• Metabolic and endocrine disorders
      • Diabetes, hypothyroidism, pregnancy
      • Neurogenic
      • Autonomic neuropathy, multiple sclerosis, spinal cord lesions, Parkinson’s disease, CVA
      • Adverse drug effects
      • Analgesics, anticholinergics, iron supplements, opiates, aluminum antacids, calcium antacids
    • Causes of Constipation
      • Lifestyle
      • Poor bowel movement habits: voluntary refusal to defecate resulting in constipation
      • Diet: poor fluid intake and/or low-residue (roughage) diet, or excessive consumption of dairy products
      • Physical inactivity
      • Psychological factors: stress, anxiety, hypochondria
    • Laxatives:
      • Mechanisms of Action
      • Bulk-forming
      • Emollient
      • Hyperosmotic
      • Saline
      • Stimulant
    • Laxatives: Mechanism of Action
      • Bulk-Forming
      • High fiber
      • Absorbs water to increase bulk
      • Distends bowel to initiate reflex bowel activity
        • Examples: psyllium (Metamucil), methylcellulose (Citrucel), polycarbophil
    • Laxatives: Mechanism of Action
      • Emollient
      • Stool softeners and lubricants
      • Promote more water and fat in the stools
      • Lubricate the fecal material and intestinal walls
        • Examples: Stool softeners: docusate salts (Colace, Surfak) Lubricants: mineral oil
    • Laxatives: Mechanism of Action
      • Hyperosmotic
      • Increase fecal water content
      • Result: bowel distention, increased peristalsis, and evacuation
        • Examples: polyethylene glycol (GoLYTELY), sorbitol, glycerin, lactulose (Chronulac)
    • Laxatives: Mechanism of Action
      • Saline
      • Increase osmotic pressure within the intestinal tract, causing more water to enter the intestines
      • Result: bowel distention, increased peristalsis, and evacuation
        • Examples: magnesium sulfate (Epsom salts) magnesium hydroxide (MOM), magnesium citrate sodium phosphate (Fleet Phospho-Soda)
    • Laxatives: Mechanism of Action
      • Stimulant
      • Increases peristalsis via intestinal nerve stimulation
        • Examples: castor oil, senna, cascara, bisacodyl
    • Laxatives: Therapeutic Uses
      • Laxative Group Use
      • Bulk-forming Acute and chronic constipation Irritable bowel syndrome
      • Diverticulosis
      • Emollient Acute and chronic constipation
      • Softening of fecal impaction
      • Facilitation of BMs in anorectal conditions
    • Laxatives: Therapeutic Uses
      • Laxative Group Use
      • Hyperosmotic Chronic constipation
      • Diagnostic and surgical preps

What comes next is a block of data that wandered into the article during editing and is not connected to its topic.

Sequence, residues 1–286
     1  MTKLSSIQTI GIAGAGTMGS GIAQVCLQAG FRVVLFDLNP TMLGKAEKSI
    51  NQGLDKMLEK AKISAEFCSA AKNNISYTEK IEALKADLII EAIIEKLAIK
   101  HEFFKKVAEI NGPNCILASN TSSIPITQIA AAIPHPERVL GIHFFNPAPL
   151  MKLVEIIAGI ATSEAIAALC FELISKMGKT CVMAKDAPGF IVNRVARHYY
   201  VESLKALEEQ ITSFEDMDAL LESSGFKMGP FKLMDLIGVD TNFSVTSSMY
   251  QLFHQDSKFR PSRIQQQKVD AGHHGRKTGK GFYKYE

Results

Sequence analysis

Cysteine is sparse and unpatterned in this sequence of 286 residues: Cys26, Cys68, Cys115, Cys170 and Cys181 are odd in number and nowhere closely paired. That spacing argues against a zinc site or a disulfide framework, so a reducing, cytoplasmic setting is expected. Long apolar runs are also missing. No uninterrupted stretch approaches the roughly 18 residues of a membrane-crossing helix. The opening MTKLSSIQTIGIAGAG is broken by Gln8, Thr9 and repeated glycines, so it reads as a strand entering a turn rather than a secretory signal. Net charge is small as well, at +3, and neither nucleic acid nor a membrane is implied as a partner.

• Saline Constipation
      • Diagnostic and surgical preps
      • Removal of helminths and parasites
    • Laxatives: Therapeutic Uses
      • Laxative Group Use
      • Stimulant Acute constipation
      • Diagnostic and surgical bowel preps
    • Laxatives: Therapeutic Uses
      • Laxative Group Use
      • Bulk-forming Impaction and fluid overload
      • Emollient Skin rashes
      • Decreased absorption of vitamins
      • Hyperosmotic Abdominal bloating, rectal irritation
    • Laxatives: Therapeutic Uses
      • Laxative Group Use
      • Saline Magnesium toxicity (with renal insufficiency), cramping, diarrhea, increased thirst
      • Stimulant Nutrient malabsorption, skin rashes, gastric irritation, rectal irritation
    • Laxatives: Side Effects
      • All laxatives can cause electrolyte imbalances!!!
    • Laxatives: Nursing Implications
      • Obtain a thorough history of presenting symptoms, elimination patterns, and allergies.
      • Assess fluid and electrolytes before initiating therapy.
      • Patients should not take a laxative or cathartic if they are experiencing nausea, vomiting, and/or abdominal pain.
    • Laxatives: Nursing Implications
      • A healthy, high-fiber diet and increased fluid intake should be encouraged as an alternative to laxative use.
      • Long-term use of laxatives often results in decreased bowel tone and may lead to dependency.
      • All laxative tablets should be swallowed whole, not crushed or chewed, especially if enteric-coated.
    • Laxatives: Nursing Implications
      • Patients should take all laxative tablets with 6 to 8 ounces of water.
      • Patients should take bulk-forming laxatives as directed by the manufacturer with at least 240 mL (8 ounces) of water.
    • Laxatives: Nursing Implications
      • Bisacodyl and cascara sagrada should be given with water due to interactions with milk, antacids, and H2 blockers.
      • Patients should contact their physician if they experience severe abdominal pain, muscle weakness, cramps, and/or dizziness, which may indicate possible fluid or electrolyte loss.
    • Laxatives: Nursing Implications
      • Monitor for therapeutic effect.